Cinema as Transcendence: Annihilation And A Cinema Of Environment And Tone

By Alci Rengifo

Contemporary cinema is dominated by fast cutting and bombastic visual spectacle. Attuned to the fast times of the present, mainstream filmmaking runs at the pace of its audiences. It is a curious phenomenon considering the average blockbuster is actually quite long. Your typical Marvel film will run to about 2 hours and 15 mins. The recent, magnificent Black Panther features a sharp screenplay and visually rich vistas, yet it is engaging as a work of visceral energy. It rushes headlong through its vision and achieves the feat of making two hours feel like fifteen minutes. Alex Garland’s Annihilation arrives with a different approach, preferring to transcend its genre with a tone that is meditative and focused on creating an environment.

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Cinema as Transcendence

In a sense, Garland is attempting to achieve a cinema of transcendence, in which the elements of filmmaking are utilized to evoke rather than tell, reaching for an effect that is almost akin to cinematic reverie. It is no surprise the film has struggled at the box office. Cinema that seeks to create psychological landscapes requires a mood alien to our fast-paced age. It is hard to imagine films like Last Year at Marienbad finding wide box office audiences today. The poetry of Terrence Malick finds itself adrift even amongst specialty theaters, while filmmakers like Nicolas Winding Refn are obsessed with the hypnotic qualities of an imagebut with a coldness that stands apart from the emotional or spiritual. Annihilation approaches its themes as a cathedral of image and sound, even its elements of horror are meant to conjure ideas as opposed to merely being used to disturb. It is unnerving, but in the same way that a nightmare culled from an amalgam of memories and private thoughts can be jarring…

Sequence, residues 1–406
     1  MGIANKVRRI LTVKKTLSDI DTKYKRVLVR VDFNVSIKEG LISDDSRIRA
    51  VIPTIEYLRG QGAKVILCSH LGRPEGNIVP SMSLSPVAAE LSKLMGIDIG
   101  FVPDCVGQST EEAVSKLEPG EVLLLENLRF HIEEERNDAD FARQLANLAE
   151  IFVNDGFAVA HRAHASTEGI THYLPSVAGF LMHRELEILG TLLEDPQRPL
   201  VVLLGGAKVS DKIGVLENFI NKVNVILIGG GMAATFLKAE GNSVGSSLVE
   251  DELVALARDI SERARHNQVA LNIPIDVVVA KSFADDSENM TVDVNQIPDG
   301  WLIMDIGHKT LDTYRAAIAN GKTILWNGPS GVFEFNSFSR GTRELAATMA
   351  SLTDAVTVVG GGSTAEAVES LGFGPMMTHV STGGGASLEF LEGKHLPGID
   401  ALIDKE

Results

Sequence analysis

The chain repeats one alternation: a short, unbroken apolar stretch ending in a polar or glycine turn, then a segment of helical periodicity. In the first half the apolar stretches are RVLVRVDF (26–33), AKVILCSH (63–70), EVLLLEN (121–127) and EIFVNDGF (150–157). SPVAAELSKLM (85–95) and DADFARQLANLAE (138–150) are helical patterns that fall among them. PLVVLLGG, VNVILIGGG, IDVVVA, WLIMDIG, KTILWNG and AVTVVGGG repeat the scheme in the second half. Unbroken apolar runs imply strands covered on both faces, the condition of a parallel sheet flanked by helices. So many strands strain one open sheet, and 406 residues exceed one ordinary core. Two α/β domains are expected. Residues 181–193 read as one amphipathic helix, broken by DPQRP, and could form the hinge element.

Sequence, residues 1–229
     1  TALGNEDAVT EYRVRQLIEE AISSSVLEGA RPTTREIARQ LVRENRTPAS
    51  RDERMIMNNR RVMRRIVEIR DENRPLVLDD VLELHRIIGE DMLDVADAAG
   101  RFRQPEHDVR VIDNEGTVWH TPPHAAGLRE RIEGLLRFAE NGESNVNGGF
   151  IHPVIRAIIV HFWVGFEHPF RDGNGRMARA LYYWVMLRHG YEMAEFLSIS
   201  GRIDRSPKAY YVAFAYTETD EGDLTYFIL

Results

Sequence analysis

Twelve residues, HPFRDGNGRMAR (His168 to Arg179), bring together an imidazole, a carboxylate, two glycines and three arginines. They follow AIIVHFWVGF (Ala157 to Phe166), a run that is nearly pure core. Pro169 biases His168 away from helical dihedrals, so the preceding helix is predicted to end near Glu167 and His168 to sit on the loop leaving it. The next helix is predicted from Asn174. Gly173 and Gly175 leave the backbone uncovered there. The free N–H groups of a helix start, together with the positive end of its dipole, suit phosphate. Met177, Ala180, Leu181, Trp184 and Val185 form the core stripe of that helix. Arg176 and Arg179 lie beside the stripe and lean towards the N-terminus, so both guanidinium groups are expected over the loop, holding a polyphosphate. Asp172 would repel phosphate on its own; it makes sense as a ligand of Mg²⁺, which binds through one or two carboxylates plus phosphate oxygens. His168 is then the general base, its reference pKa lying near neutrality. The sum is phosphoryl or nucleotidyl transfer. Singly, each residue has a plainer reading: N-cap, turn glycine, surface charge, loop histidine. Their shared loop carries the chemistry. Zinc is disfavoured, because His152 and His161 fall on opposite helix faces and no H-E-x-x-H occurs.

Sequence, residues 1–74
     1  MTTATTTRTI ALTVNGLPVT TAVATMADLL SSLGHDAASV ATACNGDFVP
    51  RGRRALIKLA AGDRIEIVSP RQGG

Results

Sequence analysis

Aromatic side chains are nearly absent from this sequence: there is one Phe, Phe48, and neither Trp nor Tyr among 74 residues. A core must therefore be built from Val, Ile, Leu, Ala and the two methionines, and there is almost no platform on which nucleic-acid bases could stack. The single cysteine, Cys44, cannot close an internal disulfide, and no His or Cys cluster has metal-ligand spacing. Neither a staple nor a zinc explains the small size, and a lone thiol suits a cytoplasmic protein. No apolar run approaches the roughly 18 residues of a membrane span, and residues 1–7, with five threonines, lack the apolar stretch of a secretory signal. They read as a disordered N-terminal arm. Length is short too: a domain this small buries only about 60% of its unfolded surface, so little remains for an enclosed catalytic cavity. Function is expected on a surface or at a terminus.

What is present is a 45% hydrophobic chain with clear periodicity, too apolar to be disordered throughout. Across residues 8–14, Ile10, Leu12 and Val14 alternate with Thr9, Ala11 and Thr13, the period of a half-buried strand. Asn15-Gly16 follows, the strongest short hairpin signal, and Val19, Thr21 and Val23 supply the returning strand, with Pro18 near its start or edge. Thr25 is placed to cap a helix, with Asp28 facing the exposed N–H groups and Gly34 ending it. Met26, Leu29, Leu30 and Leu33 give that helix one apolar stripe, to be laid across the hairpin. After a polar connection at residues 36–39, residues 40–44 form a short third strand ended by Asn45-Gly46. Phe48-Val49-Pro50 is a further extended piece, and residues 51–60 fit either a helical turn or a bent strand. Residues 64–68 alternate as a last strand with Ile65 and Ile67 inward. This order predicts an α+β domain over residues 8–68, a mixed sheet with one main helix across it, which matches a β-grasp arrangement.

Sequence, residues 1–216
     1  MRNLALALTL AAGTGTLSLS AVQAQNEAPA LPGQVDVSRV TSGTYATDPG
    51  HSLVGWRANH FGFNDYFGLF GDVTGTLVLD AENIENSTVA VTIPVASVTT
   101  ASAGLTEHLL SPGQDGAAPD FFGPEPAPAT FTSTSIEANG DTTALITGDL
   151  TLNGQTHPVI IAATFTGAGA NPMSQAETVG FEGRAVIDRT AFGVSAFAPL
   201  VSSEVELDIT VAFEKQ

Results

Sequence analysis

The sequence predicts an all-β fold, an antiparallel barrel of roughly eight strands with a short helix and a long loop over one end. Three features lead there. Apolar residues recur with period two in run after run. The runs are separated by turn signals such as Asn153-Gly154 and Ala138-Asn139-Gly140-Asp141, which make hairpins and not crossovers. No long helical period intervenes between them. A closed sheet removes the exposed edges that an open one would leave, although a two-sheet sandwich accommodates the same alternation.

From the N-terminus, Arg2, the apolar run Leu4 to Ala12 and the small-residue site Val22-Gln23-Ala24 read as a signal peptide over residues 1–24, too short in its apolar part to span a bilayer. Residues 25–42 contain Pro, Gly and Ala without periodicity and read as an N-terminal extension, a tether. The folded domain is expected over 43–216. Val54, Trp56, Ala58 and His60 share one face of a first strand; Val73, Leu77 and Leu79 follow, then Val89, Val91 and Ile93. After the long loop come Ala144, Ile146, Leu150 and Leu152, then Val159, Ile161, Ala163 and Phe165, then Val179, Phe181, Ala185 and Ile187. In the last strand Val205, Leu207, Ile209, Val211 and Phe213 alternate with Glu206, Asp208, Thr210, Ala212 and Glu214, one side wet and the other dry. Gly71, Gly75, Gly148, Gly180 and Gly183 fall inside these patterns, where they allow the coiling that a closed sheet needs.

To read the full analysis of Alex Garland’s Annihilation, go to Riot Material magazine:

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